A Woman of No Importance

Interview with Sonia Purnell by Bridget Osborne

September 2019

A Woman of no Importance is the story of Virginia Hall, an American spy who changed the course of World War II, whose story has never been told before. It reads like a thriller: ‘a suspenseful, heartbreaking and ultimately triumphant tale of heroism and sacrifice’. (BookPage) and has been very well reviewed.

its author Sonia Purnell has form in producing well researched, beautifully written historical memoirs. Her last book First Lady, on the life of Clementine Churchill, was chosen as a book of the year by The Telegraph and The Independent. Her first book, Just Boris, (about Boris Johnson) was longlisted for the Orwell prize. A Woman of no Importance is selling so fast it’s had two reprints in two days and Sonia, who lives in Shepherd’s Bush and has appeared at the Chiswick Book Festival, is currently promoting it on a book tour in the States.

“I’ve always been interested in spies” Sonia told me. “My father was a spycatcher, working in British counter-intelligence, so that world has always interested me”. She stumbled across Virginia Hall researching World War II spies on the internet and wondered why so little had been written about her. Glamorous, American, hugely successful and with the memorable feature of a wooden leg, she couldn’t work out why she Virginia seemed so elusive. She was without question a hero, who played a significant role in altering the course of the war. In 1942, the Gestapo made it a priority to track down the mysterious ‘limping lady’ who was fighting for the freedom of France. An urgent Gestapo transmission read: “She is the most dangerous of all Allied spies. We must find and destroy her.”

As she dug deeper, Sonia realized that part of the reason Virginia Hall was not more celebrated was because after the war she went on to work for the CIA, so it suited her purpose to remain out of the public eye. But it was also that she didn’t conform to the romantic / tragic heroine stereotype, thinks Sonia. She was too good. “She didn’t conform to the feminine ideal” she says, “I’ve seen internal job appraisals from her former CIA bosses. Men tried to do her down because they saw her as a threat. Even her SOE controller during the war described her as ‘embarrassingly successful’.“

That Sonia should have read her internal CIA appraisals speaks volumes about the meticulous nature of her research. Virginia had “about 20 different code names” she says. She spent three years tracking down the story, spending time in the Resistance archives in Lyon and in Paris and America and getting to know Virginia’s family in Baltimore. She also discovered a historian of prosthetics at the Science Museum. It was an “epic detective operation” she says – “not easy”.

Photographs below – Virginia as a child with brother John and father Ned; Virginia and John as adults; Virginia as a young woman. She grew up on a farm and had an affinity with animals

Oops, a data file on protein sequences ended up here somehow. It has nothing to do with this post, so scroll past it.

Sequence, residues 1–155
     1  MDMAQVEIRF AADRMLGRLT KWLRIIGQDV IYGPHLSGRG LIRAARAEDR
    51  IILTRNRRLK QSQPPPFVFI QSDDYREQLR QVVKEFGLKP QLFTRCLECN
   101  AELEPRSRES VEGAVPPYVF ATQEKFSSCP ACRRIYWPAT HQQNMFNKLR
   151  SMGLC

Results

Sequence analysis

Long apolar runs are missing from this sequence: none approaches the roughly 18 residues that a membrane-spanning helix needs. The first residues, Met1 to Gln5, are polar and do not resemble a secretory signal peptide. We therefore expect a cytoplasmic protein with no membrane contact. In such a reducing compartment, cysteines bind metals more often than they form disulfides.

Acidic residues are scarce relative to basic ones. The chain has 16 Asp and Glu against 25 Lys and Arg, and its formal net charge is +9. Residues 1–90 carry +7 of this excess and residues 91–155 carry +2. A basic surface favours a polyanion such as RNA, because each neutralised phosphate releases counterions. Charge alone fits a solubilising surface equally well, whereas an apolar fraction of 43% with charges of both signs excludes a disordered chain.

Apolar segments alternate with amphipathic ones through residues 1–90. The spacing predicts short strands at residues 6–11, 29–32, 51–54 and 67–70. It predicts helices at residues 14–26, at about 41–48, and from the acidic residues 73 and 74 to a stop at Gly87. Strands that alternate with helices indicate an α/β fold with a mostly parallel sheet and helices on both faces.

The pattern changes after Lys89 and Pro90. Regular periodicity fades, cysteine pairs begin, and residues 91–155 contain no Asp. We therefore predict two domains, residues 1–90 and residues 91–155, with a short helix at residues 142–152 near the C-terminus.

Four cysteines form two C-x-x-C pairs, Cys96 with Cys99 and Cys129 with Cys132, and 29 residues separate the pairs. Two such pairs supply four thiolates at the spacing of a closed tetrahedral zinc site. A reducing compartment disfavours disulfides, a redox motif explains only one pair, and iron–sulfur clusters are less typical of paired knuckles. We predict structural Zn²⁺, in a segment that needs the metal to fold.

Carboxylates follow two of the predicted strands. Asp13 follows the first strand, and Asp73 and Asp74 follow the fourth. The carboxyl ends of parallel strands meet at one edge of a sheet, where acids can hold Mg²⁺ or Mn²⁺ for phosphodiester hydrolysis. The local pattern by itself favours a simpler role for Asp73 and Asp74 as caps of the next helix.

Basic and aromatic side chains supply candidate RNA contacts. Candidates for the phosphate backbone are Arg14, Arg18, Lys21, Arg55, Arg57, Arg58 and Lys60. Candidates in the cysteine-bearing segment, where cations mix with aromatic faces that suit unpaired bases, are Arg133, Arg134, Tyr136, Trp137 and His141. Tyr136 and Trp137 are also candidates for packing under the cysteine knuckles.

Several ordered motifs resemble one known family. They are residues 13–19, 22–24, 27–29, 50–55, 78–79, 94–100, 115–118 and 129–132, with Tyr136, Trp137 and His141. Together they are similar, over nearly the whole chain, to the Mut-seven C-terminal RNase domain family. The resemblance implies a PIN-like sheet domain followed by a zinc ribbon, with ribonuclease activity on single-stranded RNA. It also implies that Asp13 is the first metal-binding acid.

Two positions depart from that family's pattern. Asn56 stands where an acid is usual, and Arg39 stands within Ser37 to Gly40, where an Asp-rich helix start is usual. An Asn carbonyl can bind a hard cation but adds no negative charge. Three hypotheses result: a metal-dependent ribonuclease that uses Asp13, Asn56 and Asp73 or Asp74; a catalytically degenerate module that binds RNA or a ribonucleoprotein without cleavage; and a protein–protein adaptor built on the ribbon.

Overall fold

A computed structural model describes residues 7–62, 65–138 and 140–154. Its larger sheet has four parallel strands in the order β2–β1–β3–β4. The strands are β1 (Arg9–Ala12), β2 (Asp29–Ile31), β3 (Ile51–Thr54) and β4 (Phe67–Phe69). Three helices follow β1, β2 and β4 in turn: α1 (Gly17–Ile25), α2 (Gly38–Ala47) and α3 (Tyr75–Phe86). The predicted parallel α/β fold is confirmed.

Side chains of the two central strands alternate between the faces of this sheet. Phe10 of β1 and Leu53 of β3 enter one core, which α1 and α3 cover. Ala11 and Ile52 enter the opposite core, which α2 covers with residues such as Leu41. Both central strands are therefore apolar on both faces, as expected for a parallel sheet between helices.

Virginia became the first Allied woman deployed behind enemy lines, despite the encumbrance of a wooden leg (she’d literally shot herself in the foot in a hunting accident in Turkey at the age of 27, and named her prosthetic limb affectionately ‘Cuthbert’). Working for the SOE – Special Operations Executive – she established vast spy networks throughout France, organized weapons drops and became a linchpin for the Resistance. When the Germans laid a trap and captured almost all the SOE operatives in southern France at one meeting,  she didn’t go. She managed to get all 12 out of prison in a spectacular jail break involving classic subterfuge such as hiding files in pots of jam.

Even as her face covered wanted posters and a bounty was placed on her head, Virginia refused order after order to evacuate. Eventually her cover was blown and she escaped by hiking over the Pyrenees into Spain. “She couldn’t reveal she had a wooden leg” says Sonia, even though they were pushing through deep snow. “If they’d known she would have ended up in a ravine because they’d have thought she would slow them up”. Even after she escaped she plunged back in to the war in France, adamant that she had more lives to save, and led a victorious guerilla campaign, liberating swathes of France from the Nazis after D-Day.

A Woman of no Importance is available from Amazon and in all good bookshops – providing that is they’ve not sold out and are waiting on the next reprint.

Photographs below – ID papers from when she was posted to Tallin in the 1930s; steering a gondola in Venice; painting by Jeff Bass of Virginia transmitting messages from a farm in the Haute-Loire, July 1944; Virginia was the only civilian woman in the Second World War to be awarded the Distinguished Service Cross, for extraordinary heroism against the enemy. She received the medal in Washington, DC on 27 September 1945.

Read about Sonia’s previous books on Clementine Churchill and Boris Johnson here.